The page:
It’s the fifth day of rehearsals, the entire play has been blocked and now we have five more days to run this baby to perfection. I’m James and I play perhaps the play’s most enigmatic character: Oliver.
This is my second time performing in The Music Box. I first played Oliver in the Corpus Playroom in Spring Term 2012 and since then, things have changed considerably. With some new additions to the cast and crew, this time round it feels like we’re approaching The Music Box in a completely different way. This change isn’t just purely circumstance. We may have a different cast who bring something new to their roles, but I can safely say that the Oliver I am playing now is distinctly different to the one I played a few months ago.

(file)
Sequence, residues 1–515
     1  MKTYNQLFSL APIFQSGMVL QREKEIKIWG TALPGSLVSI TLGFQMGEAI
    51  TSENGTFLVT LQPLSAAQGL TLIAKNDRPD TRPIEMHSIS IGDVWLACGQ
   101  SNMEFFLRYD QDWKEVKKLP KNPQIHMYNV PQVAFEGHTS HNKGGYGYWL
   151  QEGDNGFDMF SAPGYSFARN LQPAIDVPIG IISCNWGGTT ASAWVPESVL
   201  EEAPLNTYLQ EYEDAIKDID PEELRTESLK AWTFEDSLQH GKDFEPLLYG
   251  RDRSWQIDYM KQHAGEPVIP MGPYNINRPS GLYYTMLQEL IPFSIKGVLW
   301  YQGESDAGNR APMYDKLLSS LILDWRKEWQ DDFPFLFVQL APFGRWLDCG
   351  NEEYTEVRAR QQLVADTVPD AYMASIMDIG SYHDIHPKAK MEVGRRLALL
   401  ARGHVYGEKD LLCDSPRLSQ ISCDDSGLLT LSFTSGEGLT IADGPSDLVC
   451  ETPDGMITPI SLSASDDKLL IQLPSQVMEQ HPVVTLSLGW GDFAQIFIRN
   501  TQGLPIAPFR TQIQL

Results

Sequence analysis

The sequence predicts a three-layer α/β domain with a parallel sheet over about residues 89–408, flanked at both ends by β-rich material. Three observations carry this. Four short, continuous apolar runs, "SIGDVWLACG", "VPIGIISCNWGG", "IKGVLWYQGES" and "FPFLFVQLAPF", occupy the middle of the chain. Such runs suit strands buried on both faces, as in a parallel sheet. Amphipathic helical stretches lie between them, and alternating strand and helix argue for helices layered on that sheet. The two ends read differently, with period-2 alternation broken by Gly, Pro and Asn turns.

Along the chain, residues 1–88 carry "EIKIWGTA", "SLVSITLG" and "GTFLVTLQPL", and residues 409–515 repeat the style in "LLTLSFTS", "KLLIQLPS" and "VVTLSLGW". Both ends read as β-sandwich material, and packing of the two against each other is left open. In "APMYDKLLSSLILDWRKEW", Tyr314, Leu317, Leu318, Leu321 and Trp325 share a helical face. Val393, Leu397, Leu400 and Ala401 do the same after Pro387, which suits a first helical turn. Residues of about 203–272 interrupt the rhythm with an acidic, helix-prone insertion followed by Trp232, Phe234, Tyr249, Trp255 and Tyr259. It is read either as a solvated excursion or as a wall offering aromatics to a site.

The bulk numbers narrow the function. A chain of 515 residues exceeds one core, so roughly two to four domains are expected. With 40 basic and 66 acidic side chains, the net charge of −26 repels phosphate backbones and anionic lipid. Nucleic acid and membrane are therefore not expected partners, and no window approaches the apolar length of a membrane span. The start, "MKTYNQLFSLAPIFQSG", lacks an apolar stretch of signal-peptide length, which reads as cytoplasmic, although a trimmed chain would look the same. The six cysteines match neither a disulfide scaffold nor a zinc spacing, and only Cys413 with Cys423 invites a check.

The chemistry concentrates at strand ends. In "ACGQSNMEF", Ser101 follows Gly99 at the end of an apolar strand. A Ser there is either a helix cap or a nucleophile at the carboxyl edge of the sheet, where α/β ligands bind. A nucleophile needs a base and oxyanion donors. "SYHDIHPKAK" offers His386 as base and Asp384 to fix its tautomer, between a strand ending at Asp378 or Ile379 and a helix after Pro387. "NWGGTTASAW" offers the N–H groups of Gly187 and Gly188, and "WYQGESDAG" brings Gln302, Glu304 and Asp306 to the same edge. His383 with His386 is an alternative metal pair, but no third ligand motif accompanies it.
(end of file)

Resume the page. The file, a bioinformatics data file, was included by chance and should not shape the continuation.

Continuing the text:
Maybe it is because I play him that I have such a fascination with Oliver as a literary creation, but in a play of so many ambiguities and multiple interpretations, Oliver seems to me to be the biggest mystery in The Music Box. One thing our directors – Emma and Pete – have encouraged us to consider when approaching our roles is each character’s ‘frighteningly brave’ truth. I won’t give away the ending by revealing what I consider to be Oliver’s integral truth but this, coupled with the ability to construct two drastically different interpretations of the same character, highlights the profundity and the complexity of the construction of our protagonists in The Music Box. Unlike his Dickensian counterpart, Oliver Twist, our 21st century Oliver is corrupted. He is not exactly corrupt in himself, but he is most certainly influenced by outside forces.
This, to me, is the most attractive element of The Music Box: nothing is black and white. Young or old, articulate or mute, real or imagined, each character is tinged with shades of grey. The characters may do bad things, but they are not evil and they are always motivated by their inherent ‘frighteningly brave’ truth. There are no heroes, only anti-heroes.